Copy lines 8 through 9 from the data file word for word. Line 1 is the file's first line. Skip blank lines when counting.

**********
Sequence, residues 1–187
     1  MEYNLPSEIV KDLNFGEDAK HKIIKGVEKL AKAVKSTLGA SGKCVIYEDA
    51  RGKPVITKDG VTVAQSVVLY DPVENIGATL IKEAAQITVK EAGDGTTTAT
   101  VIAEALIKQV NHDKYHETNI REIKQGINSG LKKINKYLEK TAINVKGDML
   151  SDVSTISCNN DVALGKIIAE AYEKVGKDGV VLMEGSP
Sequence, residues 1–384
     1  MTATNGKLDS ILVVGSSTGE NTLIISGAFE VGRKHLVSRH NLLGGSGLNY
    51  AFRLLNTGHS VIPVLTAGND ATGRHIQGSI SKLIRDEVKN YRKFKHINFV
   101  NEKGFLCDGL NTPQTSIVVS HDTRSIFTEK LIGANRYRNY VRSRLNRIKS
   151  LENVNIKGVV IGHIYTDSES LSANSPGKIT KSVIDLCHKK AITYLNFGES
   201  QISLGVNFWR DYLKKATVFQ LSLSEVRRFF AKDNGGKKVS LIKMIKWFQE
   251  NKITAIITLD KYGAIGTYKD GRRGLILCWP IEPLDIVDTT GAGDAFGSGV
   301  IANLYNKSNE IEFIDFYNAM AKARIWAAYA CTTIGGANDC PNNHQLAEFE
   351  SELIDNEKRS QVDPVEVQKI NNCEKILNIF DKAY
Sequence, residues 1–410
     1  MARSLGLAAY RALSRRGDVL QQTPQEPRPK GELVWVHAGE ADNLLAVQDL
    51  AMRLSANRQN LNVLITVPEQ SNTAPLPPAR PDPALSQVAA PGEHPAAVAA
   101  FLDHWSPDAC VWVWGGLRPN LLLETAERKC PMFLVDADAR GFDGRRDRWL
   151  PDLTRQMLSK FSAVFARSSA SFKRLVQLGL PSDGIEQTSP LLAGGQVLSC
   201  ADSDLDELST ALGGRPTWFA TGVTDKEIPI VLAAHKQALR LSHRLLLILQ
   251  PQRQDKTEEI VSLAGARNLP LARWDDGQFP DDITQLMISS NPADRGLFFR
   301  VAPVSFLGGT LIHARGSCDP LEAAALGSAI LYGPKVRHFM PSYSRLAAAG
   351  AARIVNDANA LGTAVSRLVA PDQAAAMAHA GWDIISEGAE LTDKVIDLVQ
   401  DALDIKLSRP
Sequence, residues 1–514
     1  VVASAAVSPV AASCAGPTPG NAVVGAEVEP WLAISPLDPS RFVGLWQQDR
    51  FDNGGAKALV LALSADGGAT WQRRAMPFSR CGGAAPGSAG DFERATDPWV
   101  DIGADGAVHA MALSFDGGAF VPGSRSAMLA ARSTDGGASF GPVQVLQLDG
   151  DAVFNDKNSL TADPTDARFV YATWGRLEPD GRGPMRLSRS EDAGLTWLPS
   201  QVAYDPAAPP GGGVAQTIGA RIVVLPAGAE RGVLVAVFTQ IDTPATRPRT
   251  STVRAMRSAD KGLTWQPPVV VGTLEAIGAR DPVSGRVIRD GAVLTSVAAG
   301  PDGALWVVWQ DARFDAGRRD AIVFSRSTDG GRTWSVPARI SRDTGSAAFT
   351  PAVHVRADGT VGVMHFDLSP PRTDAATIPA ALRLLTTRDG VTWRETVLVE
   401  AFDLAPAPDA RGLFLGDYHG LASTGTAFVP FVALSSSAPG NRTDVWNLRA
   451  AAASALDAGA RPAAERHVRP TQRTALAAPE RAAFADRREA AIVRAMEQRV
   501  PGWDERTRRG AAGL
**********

    51  AFRLLNTGHS VIPVLTAGND ATGRHIQGSI SKLIRDEVKN YRKFKHINFV
   101  NEKGFLCDGL NTPQTSIVVS HDTRSIFTEK LIGANRYRNY VRSRLNRIKS